Flat Roofing

Flat roofs came into use in the Americas in the 19th century, when new waterproof roofing materials and the use of structural steel and concrete made them more practical and economical. Flat roofs soon became the most commonly used type to cover warehouses, office buildings, and other commercial buildings, as well as many residential structures.

The level contour of a flat roof displays better wind resistance than angled systems that have shingles or panels. They also make it possible to locate condensers, air handlers, and other HVAC equipment on top of a building instead of beside it or inside it. Placing HVAC equipment on top of a building can be a valuable noise reduction strategy for buildings where HVAC equipment cannot be located on the ground or mounted on exterior walls. Due to its minimal slope, a flat system is easier to access for unit maintenance as well.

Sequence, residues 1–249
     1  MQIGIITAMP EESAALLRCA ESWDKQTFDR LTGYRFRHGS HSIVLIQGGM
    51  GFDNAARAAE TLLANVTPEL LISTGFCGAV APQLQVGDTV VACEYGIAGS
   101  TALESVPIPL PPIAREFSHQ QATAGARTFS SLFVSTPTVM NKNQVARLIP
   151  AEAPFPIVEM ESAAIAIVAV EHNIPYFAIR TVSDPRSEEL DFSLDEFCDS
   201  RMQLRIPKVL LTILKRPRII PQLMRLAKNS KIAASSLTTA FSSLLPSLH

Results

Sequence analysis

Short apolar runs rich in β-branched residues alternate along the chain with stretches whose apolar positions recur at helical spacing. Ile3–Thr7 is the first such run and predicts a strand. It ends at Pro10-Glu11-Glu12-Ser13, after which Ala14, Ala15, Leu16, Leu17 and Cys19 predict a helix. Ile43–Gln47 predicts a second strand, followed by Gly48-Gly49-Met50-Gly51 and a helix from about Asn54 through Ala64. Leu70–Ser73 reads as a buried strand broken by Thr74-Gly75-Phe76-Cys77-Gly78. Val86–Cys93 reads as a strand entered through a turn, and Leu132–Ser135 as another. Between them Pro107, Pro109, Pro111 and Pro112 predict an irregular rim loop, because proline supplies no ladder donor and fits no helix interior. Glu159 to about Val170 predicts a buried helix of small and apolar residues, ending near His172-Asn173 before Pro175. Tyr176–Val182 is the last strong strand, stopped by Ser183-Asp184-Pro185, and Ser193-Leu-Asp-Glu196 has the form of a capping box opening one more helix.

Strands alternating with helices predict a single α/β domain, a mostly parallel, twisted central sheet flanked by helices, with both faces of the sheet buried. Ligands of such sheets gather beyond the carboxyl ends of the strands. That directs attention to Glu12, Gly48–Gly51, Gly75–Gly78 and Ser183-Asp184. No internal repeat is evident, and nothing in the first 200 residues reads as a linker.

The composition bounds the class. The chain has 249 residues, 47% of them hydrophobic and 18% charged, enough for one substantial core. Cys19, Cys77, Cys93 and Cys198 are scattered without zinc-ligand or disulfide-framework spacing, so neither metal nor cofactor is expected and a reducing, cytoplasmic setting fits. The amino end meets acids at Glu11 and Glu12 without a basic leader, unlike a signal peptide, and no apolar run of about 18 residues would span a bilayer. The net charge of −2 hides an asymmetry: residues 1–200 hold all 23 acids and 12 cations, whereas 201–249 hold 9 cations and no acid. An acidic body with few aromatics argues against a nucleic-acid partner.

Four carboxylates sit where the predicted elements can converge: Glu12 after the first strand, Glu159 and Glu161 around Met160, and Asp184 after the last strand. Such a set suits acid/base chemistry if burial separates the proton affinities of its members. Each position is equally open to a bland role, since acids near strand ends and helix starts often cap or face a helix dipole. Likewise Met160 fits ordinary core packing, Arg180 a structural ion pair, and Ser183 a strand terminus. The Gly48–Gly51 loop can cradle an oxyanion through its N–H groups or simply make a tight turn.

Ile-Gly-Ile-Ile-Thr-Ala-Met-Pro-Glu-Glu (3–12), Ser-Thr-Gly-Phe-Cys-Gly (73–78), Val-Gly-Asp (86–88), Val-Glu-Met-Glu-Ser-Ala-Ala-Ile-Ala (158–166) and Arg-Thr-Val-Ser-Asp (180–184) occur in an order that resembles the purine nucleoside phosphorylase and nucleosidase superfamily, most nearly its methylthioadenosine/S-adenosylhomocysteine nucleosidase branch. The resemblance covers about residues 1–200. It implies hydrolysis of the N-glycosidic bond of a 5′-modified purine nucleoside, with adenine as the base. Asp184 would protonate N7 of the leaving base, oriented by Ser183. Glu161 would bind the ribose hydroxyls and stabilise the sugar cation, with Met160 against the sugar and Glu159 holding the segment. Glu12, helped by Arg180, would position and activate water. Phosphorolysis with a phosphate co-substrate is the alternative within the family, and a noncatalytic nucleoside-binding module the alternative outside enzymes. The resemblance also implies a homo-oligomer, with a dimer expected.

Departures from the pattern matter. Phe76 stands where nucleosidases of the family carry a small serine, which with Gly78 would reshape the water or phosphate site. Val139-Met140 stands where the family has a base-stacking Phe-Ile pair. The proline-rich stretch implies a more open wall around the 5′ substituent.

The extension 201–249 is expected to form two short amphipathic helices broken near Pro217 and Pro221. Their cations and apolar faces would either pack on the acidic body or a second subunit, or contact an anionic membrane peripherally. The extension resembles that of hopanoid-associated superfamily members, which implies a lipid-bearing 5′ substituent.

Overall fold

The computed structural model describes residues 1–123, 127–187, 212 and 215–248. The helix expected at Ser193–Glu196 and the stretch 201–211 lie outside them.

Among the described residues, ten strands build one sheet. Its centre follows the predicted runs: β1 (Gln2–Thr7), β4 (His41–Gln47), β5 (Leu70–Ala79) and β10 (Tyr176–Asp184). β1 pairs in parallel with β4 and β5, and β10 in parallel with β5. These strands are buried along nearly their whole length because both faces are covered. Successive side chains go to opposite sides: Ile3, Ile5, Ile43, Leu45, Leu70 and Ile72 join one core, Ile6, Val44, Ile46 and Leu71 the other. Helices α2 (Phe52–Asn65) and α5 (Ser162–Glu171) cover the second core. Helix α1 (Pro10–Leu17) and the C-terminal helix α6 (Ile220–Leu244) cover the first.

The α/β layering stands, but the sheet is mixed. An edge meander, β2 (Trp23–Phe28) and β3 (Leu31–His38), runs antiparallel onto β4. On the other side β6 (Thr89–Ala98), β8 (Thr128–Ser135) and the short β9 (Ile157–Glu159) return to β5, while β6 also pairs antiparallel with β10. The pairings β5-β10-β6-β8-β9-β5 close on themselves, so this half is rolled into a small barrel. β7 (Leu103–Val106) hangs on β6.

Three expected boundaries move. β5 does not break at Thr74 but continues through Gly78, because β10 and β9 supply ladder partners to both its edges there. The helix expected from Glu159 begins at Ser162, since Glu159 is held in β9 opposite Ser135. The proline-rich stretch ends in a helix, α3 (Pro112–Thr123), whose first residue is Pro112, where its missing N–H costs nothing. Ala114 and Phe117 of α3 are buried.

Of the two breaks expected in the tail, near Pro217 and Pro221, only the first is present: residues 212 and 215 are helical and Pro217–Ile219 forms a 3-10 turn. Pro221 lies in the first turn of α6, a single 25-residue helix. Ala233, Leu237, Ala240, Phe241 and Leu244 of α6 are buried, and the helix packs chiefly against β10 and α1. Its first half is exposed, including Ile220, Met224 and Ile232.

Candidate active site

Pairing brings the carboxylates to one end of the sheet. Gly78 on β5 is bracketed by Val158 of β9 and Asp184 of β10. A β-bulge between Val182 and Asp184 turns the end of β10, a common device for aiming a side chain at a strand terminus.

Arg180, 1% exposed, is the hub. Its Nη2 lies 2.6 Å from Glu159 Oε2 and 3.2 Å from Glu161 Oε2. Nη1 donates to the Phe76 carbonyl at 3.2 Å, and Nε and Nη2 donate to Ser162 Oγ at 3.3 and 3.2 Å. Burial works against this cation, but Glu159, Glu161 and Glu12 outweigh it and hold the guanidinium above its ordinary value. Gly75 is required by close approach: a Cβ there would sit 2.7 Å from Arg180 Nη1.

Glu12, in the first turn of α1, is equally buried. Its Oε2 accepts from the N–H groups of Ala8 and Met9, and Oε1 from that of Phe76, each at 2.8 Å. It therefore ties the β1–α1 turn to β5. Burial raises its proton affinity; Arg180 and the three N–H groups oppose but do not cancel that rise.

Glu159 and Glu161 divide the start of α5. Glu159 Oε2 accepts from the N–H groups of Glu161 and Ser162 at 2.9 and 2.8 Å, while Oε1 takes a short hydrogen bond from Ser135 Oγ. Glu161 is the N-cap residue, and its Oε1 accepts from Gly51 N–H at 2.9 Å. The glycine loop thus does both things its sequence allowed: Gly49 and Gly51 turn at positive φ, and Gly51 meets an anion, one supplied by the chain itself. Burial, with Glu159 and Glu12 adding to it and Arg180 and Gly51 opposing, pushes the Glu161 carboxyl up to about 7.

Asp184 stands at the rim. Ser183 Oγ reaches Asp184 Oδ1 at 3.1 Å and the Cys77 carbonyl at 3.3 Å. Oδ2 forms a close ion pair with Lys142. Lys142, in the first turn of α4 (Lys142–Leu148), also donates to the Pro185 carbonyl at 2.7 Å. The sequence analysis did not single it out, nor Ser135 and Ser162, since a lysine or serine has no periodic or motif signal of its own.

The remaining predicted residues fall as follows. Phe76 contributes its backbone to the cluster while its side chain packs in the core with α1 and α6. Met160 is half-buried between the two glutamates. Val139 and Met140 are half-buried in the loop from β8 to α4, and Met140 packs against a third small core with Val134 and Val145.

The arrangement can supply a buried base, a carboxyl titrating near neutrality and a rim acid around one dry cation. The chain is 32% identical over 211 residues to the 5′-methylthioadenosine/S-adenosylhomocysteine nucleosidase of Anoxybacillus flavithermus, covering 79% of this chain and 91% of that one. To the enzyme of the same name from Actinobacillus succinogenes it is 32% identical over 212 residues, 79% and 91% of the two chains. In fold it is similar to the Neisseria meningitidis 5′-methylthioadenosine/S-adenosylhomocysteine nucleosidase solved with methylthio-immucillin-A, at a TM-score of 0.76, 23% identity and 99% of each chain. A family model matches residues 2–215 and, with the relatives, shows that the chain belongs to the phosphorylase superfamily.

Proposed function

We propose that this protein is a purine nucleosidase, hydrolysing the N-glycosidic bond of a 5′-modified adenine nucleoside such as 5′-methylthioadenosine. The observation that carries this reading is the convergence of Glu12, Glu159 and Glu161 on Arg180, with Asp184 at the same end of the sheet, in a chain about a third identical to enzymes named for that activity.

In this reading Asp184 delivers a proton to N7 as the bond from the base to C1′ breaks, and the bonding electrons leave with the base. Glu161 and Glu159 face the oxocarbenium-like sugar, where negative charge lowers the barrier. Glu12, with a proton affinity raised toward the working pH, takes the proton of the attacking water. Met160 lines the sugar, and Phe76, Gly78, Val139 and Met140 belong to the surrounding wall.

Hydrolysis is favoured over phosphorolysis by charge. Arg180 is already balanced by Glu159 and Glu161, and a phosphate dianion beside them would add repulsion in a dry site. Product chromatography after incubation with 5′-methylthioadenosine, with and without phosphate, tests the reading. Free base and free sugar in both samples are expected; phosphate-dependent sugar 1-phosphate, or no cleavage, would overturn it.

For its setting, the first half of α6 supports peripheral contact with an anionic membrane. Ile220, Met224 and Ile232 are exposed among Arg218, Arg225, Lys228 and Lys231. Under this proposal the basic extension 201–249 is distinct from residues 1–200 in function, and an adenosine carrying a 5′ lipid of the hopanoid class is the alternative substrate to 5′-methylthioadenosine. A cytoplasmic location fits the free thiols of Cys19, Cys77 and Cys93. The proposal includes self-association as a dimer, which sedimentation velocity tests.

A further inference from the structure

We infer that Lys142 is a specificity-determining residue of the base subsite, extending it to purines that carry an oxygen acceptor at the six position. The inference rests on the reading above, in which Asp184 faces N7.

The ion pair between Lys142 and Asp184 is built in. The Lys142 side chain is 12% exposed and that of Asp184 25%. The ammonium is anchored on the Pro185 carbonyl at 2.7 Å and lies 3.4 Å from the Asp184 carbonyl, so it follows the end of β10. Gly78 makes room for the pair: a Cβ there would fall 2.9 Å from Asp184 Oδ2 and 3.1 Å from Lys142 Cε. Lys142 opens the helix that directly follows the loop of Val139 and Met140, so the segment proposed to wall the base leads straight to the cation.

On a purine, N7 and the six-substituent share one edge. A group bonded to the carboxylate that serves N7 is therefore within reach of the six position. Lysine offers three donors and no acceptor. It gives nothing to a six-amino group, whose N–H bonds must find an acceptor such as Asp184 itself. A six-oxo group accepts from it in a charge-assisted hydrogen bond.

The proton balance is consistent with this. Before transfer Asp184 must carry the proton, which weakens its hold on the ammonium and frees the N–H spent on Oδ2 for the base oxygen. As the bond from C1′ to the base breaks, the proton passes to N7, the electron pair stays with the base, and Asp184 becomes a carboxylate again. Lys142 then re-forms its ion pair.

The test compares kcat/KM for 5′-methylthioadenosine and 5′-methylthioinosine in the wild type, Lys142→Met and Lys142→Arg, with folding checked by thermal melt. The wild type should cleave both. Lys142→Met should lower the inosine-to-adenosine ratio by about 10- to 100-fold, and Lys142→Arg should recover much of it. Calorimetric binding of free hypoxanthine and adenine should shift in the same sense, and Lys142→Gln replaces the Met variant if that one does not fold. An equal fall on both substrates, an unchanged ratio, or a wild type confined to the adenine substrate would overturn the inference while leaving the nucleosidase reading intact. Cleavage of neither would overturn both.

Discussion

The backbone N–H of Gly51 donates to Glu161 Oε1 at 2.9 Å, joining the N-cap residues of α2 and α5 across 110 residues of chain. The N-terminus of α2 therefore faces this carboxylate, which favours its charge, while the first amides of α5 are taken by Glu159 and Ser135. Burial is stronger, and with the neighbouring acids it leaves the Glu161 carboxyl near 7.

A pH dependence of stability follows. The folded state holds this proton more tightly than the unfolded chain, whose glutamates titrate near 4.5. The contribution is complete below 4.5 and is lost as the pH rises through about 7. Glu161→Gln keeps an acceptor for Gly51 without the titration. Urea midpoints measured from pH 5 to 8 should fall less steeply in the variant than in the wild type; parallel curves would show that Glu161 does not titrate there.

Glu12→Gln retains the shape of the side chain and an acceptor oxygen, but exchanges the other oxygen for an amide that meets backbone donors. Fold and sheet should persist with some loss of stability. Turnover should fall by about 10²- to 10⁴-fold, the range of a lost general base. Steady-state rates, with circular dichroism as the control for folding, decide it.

Compared to an angled system that has shingles or metal panels, a flat system requires fewer construction materials. Consequently, it typically costs less to purchase than an angled roof. Fewer construction materials can also translate into reduced labor cost and waste removal cost during construction. And where gabled roofs that have a steep pitch waste valuable space, a flat roof allows every square foot of a facility to be utilized in some fashion.

Commercial districts are designed so that every inch of space is made useable. Flat roofs are much more appealing in these areas. The flat roof allows for closer spacing, which looks better in any city or business district.